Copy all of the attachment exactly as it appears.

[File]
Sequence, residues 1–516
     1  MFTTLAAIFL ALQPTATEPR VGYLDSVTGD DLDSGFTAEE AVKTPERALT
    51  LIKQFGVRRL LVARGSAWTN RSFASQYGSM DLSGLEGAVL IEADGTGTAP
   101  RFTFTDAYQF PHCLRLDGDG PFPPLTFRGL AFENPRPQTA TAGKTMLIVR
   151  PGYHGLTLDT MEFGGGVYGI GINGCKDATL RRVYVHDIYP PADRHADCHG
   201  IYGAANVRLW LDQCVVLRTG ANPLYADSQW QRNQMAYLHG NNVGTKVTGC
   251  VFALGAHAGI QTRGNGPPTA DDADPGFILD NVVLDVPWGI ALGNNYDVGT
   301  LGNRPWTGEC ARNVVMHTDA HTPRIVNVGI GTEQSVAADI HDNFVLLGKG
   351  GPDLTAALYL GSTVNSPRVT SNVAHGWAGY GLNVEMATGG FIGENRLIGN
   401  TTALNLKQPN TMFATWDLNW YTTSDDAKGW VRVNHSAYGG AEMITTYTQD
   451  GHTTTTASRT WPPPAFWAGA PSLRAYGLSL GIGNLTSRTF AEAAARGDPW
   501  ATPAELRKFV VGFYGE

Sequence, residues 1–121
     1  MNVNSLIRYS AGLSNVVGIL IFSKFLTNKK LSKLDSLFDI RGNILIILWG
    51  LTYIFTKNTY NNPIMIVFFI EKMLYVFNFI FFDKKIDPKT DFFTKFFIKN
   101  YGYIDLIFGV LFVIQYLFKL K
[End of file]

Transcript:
Sequence, residues 1–516
     1  MFTTLAAIFL ALQPTATEPR VGYLDSVTGD DLDSGFTAEE AVKTPERALT
    51  LIKQFGVRRL LVARGSAWTN RSFASQYGSM DLSGLEGAVL IEADGTGTAP
   101  RFTFTDAYQF PHCLRLDGDG PFPPLTFRGL AFENPRPQTA TAGKTMLIVR
   151  PGYHGLTLDT MEFGGGVYGI GINGCKDATL RRVYVHDIYP PADRHADCHG
   201  IYGAANVRLW LDQCVVLRTG ANPLYADSQW QRNQMAYLHG NNVGTKVTGC
   251  VFALGAHAGI QTRGNGPPTA DDADPGFILD NVVLDVPWGI ALGNNYDVGT
   301  LGNRPWTGEC ARNVVMHTDA HTPRIVNVGI GTEQSVAADI HDNFVLLGKG
   351  GPDLTAALYL GSTVNSPRVT SNVAHGWAGY GLNVEMATGG FIGENRLIGN
   401  TTALNLKQPN TMFATWDLNW YTTSDDAKGW VRVNHSAYGG AEMITTYTQD
   451  GHTTTTASRT WPPPAFWAGA PSLRAYGLSL GIGNLTSRTF AEAAARGDPW
   501  ATPAELRKFV VGFYGE

Sequence, residues 1–121
     1  MNVNSLIRYS AGLSNVVGIL IFSKFLTNKK LSKLDSLFDI RGNILIILWG
    51  LTYIFTKNTY NNPIMIVFFI EKMLYVFNFI FFDKKIDPKT DFFTKFFIKN
   101  YGYIDLIFGV LFVIQYLFKL K